So what? you may say. This is the normal way to do such things.
Yes, only that, in this particular case, unless you used the reporting feature while working with the application, the reporting engine was not initialized until shutdown. So, at server's shutdown, Struts was calling destroy on all it's plugins and at his turn the reporting plugin, inside it's destroy() method, was calling ReportsInitializer.getInstance().shutdown(). And... Boom! JVM freeze.

Ok, but why? It's just a class instance that does something within itself! What might drive it to crash all the system?
Well, the nice part is just coming. So, we have a system shutdown and a Struts plugin called that is instantiating some class that uses some AWT elements inside. It does not look like something to be scared of... Only that there is a catch: when a class AWT is instantiated, the AWT Toolkit itself adds a ShutDownHook to the Runtime. I haven't yet dug inside to understand why. But, as java specs state, it is illegal to add a ShutdownHookif the JVM shutdown sequence has already started.
Some people consider that this behavior inside AWT is a bug, because AWT should check itself if the JVM is shutting down before attempting to add its own ShutdownHook.

Ok. now, we found the reason why all happened. What next? I evaluated three possible solutions:
- to add a generic thread exception handler and simply "swallow" this exception.
- to add a myself a ShutdownHook and set some flag on the reporting reporting plugin not to instantiate anymore the reporting initializer.
- to detect (inside the destroy method in the plugin) if the virtual machine is shutting down and skip calling the reporting initializer.

The solution I chose was the last, because the generic thread exception handler couldn't prevent the exception to happen, and for the second option, the order in which JVM calls the ShutdownHooks is not guaranteed, so you'll never know if it will be called before or after the Struts's own ShutdownHook, making of the solution a non deterministic one.

So I made some research to see if I may possibly know at any time if the Java Virtual Machine is shutting down. I discovered that when java.lang.Runtime.exit(int status) is called, it forwards the call to a class named java.lang.Shutdown.exit(int status), that calls all the ShutdownHooks before calling the native halt() method. Inside this class there are fields describing the state of the system. Unfortunately the class is private package and there is no public method that returns the System's state. But luckily, in Java we have the blessed reflection. So, here comes the answer:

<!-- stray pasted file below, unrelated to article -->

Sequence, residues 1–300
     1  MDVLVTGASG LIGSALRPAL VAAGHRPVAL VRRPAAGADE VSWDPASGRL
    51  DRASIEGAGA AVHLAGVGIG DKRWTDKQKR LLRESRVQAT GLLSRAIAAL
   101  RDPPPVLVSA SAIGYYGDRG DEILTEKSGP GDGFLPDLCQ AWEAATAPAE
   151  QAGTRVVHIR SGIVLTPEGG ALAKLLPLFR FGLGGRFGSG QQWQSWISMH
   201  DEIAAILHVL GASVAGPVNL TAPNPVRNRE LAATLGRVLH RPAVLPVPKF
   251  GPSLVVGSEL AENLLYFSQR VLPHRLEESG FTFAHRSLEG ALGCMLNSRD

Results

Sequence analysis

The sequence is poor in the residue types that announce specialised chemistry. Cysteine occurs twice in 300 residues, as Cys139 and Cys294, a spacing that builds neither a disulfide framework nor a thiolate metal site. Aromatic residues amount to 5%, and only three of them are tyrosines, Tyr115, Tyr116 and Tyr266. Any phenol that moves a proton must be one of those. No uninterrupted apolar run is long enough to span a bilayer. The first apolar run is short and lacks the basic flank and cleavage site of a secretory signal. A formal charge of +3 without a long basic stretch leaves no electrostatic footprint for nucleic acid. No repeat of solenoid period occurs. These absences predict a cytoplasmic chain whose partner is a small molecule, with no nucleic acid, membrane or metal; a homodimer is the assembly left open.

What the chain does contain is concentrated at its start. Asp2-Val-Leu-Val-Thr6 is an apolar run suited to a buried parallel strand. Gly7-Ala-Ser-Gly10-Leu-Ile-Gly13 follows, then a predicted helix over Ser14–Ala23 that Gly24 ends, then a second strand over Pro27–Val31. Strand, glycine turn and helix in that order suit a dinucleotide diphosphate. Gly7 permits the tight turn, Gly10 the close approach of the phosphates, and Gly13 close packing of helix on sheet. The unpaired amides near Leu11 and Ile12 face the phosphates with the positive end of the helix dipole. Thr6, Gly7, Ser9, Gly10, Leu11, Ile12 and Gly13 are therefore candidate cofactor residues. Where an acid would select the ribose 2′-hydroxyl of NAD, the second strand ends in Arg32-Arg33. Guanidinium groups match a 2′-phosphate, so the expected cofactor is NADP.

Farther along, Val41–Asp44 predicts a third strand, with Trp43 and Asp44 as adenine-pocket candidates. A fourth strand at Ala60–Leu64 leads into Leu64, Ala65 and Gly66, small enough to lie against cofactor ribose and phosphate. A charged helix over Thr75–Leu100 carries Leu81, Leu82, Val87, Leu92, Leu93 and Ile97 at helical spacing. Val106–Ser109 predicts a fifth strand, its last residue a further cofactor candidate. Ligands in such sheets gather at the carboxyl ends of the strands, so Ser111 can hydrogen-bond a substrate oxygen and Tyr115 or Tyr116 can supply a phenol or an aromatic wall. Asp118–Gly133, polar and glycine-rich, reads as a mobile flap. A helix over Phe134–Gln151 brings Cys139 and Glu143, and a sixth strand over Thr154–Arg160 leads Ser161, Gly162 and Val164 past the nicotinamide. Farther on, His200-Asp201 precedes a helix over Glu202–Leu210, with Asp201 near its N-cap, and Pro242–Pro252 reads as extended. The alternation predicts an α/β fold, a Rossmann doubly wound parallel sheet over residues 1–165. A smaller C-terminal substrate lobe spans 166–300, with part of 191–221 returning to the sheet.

private boolean isSystemShuttingDown() {
  try {
    Field running = Class.forName("java.lang.Shutdown").getDeclaredField("RUNNING");
    Field state = Class.forName("java.lang.Shutdown").getDeclaredField("state");
    running.setAccessible(true);
    state.setAccessible(true);
    return state.getInt(null) > running.getInt(null);
  }
  catch (Exception ex) {
    ex.printStackTrace();
    return false;
  }
}

I would not advise anyone to use this on a daily basis unless he is exceptionally needing such a solution, primarily because:
- the java.lang.Shutdown class is a package private class in the JDK and it may be changed or removed in any upcoming release. Of course, for custom built projects, that usually run for a long time on a single jdk version this is not such a big issue.
- In public distributions there is a chance that the SecurityManager is set to forbid the access to jdk internals. But again, inside custom projects you can configure your own SecurityManager.

I hope that you enjoyed reading this post and I am waiting for your comments.

Greetings,
Dikran

P.S. Thanks to Alex Gorbatchev for his excellent SyntaxHighlighter.